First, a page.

The reason is not that the CA is unable to write it in time. It is because we are stuck in a political quagmire of deep ideological divisions between the main political parties on issues like federalism. The UML and the Maoists want provinces based on ethnic, linguistic and geographical identity while the NC, RPP and others reject ethnic provinces.
There is also disagreement over state structure. Earlier they couldn't agree on having a presidential or parliamentary system but all wanted a pluralistic multi-party democracy. Now the Maoists want a 'unicameral people's assembly' and a standing committee within it, which will run the government. They also want the judiciary to come under the legislature, and there are differences over the electoral process.
These are not just procedural issues, there are now fundamental differences in the political value systems of the parties. Normally, post-conflict countries chart out their political future only after the demobilisation of fighters. Here, even the Maoist government did little to move the process of integration forward, raising suspicions that it wants to keep its army at least until the first elections under the new constitution.
However, the biggest weakness of the constitution-writing process has been that we sat down to write it without first laying down the basic principles. There was a constitution court, but all it did was oversee elections. So there is no ideological foundation to build the constitution on, and it has become an open-ended free-for-all. Suggestions were collected, but now they are arguing over every word.
A CA member that gheraos the rostrum is, a few minutes later, sitting down to lead a committee discussion. Committee drafts reflect the views of their chairs with the others registering pro forma dissent. A major flaw in the process was not separating the function and roles of the constituent assembly and parliament from the very beginning.
So, most party representatives want all or nothing. Constitution writing is not a zero-sum game. And there is now also a dangerous tilt to the right, with some arguing that it was a mistake to give away so much to the Maoists. There is a danger that these forces will use the excuse of a delayed constitution to come out into the streets.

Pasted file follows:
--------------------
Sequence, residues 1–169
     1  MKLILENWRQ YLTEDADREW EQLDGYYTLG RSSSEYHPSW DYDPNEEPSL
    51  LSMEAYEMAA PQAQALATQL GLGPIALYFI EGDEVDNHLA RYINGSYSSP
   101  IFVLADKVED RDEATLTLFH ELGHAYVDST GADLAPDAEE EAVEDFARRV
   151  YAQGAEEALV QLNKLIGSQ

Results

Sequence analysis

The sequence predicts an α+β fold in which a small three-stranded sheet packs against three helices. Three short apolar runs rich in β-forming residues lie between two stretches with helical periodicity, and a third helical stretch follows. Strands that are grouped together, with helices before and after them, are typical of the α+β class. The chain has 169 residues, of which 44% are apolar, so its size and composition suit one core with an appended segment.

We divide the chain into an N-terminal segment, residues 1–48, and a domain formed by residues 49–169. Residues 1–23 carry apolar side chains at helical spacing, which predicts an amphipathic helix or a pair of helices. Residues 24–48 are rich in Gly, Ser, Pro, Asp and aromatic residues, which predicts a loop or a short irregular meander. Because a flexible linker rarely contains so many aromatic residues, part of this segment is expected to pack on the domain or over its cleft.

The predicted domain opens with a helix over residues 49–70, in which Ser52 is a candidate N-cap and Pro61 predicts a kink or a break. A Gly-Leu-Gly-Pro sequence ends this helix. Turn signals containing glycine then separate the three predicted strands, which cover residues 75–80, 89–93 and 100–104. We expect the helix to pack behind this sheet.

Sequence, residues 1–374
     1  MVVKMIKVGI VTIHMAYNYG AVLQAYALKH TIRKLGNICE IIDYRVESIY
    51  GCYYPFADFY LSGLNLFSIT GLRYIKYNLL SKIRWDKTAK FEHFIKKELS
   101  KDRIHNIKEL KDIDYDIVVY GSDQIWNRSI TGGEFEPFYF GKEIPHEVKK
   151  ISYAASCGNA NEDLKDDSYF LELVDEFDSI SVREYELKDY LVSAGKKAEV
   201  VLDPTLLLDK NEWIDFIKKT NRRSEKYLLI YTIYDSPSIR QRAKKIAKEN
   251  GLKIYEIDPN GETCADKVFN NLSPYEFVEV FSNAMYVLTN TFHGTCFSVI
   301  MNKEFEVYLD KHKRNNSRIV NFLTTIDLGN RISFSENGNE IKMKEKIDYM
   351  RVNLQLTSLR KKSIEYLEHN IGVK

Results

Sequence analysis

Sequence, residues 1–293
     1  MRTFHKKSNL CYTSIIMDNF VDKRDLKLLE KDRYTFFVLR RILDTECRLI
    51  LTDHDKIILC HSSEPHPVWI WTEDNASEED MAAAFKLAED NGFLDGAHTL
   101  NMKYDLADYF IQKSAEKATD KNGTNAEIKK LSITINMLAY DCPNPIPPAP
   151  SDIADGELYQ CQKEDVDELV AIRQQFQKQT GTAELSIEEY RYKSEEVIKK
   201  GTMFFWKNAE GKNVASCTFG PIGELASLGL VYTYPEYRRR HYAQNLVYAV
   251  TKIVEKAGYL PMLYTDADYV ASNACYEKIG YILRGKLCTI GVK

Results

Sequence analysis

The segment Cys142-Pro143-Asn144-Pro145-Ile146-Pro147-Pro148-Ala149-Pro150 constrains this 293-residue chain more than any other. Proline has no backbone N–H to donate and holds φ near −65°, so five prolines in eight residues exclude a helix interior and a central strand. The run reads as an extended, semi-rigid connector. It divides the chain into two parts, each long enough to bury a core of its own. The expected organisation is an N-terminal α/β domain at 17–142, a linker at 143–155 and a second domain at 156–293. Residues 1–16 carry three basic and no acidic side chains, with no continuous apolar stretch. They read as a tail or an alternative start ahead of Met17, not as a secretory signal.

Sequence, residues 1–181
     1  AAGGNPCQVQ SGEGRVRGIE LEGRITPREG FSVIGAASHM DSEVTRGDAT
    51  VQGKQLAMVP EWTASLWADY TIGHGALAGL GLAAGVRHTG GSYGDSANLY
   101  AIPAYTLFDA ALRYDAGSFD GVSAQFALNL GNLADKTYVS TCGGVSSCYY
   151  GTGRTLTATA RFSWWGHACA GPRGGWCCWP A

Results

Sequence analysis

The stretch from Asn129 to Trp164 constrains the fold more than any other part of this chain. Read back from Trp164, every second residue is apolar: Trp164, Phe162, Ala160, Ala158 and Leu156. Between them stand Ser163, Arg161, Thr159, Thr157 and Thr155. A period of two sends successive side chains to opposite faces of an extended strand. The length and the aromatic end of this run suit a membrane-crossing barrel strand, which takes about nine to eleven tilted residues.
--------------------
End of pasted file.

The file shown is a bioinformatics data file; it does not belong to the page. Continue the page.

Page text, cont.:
The disagreements in the drafting committees all stem from the basic political differences between the parties over power sharing. Whenever the political leaders meet, it is to discuss who should be in power, not the constitution. In fact civil society organisations funded by donor agencies seem more preoccupied with the constitutional process than our political leadership. A sovereign nation cannot write a new constitution solely on the basis of outside support and money.
The Maoists are bogged down by internal rifts. They say one thing to their cadre, another thing at the Khula Manch and quite another thing to the international community. The other parties, by not giving space to the moderate line within the Maoists, are making them more aggressive.
Then, there are our southern and northern neighbours. Both India and China are following the identity-led constitution-writing process with some degree of alarm because of the effect this could have on their own domestic security concerns. The UN, on the other hand, doesn't want Nepal's peace process to be a failure just because our politicians can't get along. The UN may therefore lobby and even exert pressure, but there is no reason to get worked up about this.
Further delays in constitution writing will not only invite a dangerous political crisis, but also increase external interference. If we can finish the new constitution and set democratic institutions in place India's role, for one, will automatically be reduced.
So, what do we do? Four things:
1. Bring the politics back on track
2. Don't argue over form, but substance
3. Enforce the rule of law
4. Leave space for constitutional amendments
Clearly, the most urgent need is to set up a power-sharing coalition based on the proportionality of members in parliament. Then, agree on basic political principles of democracy and pluralism and leave the details for the committees to work out. After that the rest will fall into place.
Krishna Khanal is a professor of political science at Tribhuvan University.
Constitution 2010, Nepali Times coverage of issues related to writing the new constitution